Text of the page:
A Tale of Two Protests


Pro-terrorism rally in Islamabad

One month has passed since a group of terrorists shocked the world to its core by mercilessly killing nearly 150 women and children at a school in Peshawar. In observance of this dark day, members of civil society across the nation gathered in demonstrations intended to respect the memory of the martyrs and to hold the government’s feet to the fire to turn the tide against the terrorism that plagues our country.

Media headlines have been dominated by another set of protests across the country, however. Across the country, people gathered not to protest against terrorism, but for it. These protests were not in support of the terrorists that attacked APS Boys Peshawar, they were protesting in favor of the killers of 12 journalists in France who worked for a magazine that published cartoons that were derogatory towards Islam.

These two protests, held the same day across the same country, shine a bright light on the harsh reality that we face. On the one hand, we are against terrorism when it affects us. On the other hand, we are sympathetic when attacks target people we don’t agree with.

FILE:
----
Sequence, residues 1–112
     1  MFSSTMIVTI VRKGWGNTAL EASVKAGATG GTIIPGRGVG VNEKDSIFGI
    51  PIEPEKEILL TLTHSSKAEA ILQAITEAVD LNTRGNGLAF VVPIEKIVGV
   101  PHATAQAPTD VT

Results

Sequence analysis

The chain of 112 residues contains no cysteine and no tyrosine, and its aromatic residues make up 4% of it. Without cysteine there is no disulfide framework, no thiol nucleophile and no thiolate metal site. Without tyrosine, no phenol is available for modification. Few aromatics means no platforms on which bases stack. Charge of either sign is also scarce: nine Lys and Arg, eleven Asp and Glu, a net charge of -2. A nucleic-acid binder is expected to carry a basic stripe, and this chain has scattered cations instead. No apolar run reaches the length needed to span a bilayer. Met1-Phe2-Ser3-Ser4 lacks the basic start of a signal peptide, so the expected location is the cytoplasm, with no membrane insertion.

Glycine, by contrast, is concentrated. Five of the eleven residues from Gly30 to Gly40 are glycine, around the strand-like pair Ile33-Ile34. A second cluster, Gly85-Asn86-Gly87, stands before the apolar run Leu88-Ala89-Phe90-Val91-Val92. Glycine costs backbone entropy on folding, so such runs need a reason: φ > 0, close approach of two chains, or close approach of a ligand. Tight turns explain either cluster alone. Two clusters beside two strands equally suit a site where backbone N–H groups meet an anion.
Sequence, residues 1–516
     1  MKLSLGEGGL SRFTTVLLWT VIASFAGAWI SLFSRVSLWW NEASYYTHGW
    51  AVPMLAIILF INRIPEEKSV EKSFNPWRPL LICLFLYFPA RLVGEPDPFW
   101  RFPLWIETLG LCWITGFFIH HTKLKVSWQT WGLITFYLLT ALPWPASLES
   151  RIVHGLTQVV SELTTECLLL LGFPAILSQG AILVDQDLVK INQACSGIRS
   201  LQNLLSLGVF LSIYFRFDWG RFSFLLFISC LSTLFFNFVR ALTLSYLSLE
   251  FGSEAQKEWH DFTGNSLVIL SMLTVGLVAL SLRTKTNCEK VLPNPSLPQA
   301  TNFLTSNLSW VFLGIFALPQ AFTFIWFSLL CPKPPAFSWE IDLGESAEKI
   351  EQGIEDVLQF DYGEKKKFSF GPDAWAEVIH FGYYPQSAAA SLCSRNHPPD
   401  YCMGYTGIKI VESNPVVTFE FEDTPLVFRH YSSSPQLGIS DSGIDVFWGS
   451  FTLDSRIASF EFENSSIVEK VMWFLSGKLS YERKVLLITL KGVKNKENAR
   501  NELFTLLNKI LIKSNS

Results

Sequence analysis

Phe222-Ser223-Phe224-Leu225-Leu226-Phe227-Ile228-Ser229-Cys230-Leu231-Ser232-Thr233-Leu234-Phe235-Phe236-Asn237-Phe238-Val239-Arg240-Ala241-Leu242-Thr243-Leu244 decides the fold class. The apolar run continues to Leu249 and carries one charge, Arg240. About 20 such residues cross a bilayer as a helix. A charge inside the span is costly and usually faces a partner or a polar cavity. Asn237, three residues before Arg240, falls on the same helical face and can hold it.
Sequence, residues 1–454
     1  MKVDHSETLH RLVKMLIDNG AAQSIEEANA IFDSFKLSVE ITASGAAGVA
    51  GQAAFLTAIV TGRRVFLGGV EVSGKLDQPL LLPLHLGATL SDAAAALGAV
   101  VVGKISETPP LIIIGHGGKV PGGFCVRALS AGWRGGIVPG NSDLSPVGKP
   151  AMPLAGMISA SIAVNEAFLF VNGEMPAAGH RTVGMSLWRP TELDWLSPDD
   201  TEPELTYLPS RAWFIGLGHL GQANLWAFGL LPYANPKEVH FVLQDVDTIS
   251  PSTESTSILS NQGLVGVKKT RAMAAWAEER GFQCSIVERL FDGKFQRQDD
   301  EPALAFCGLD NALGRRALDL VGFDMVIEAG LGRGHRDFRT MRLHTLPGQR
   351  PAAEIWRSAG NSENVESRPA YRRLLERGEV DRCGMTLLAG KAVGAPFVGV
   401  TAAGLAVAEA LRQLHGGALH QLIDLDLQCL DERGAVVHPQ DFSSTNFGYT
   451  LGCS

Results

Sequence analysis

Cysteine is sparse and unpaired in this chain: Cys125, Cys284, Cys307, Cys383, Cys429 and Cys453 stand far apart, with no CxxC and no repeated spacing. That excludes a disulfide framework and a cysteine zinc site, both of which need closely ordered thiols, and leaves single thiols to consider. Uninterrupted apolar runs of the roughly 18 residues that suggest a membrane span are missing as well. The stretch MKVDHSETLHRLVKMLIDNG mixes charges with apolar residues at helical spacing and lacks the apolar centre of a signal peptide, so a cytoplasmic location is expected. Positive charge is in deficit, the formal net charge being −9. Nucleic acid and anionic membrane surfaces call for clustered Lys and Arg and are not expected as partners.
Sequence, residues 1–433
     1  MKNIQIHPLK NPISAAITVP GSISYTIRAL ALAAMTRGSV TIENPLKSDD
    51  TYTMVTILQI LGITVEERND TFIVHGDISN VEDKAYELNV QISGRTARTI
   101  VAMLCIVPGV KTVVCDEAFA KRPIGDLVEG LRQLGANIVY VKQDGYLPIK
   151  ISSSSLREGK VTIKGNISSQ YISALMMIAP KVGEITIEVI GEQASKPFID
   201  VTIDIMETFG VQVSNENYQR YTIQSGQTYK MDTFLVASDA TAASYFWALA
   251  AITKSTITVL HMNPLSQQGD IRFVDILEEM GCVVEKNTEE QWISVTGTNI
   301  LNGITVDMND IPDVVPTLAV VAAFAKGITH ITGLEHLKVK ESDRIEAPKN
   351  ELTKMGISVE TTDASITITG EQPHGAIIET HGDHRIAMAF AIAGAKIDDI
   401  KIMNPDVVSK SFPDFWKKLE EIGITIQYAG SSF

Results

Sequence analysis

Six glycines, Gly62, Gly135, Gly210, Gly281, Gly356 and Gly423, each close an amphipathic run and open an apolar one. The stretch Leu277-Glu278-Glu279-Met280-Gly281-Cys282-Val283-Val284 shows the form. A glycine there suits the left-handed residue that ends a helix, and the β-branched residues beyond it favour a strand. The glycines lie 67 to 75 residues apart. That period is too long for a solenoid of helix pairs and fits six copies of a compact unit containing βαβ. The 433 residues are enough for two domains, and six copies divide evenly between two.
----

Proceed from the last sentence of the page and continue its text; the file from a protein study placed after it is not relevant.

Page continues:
When Maulana Pir Mohammad Chishti led a small demonstration in Peshawar supporting the terrorists in France earlier this week, many dismissed it as the embarrassing act of a small but vocal minority. In the past few days, though, the movement has grown.

On Thursday, National Assembly passed a resolution condemning the offensive cartoons. The resolution included a passing statement against “all kinds of violence”, but the text of the resolution holds the publication of the offensive material as worse than the killings. If there was any doubt about this, it was wiped away when lawmakers too to the streets chanting, “In the service of Prophet Muhammad (PBUH), we are willing to die”.

Even liberal politicians like Rehman Malik took to terming the victims of the Paris attacks as the real “terrorists”.

More protests are being organized against the victims of the terrorist attacks in Paris. Sadly, the growing number of demonstrations of sympathy for the French terrorists have even eclipsed the memorials for our slain children in the national and international media. They have also delivered a clear message that despite the rhetoric of abandoning a policy of ‘good Taliban’, for many of us terrorism is still acceptable as long as we agree with the reasons.


Author: Mukhtar Ahmed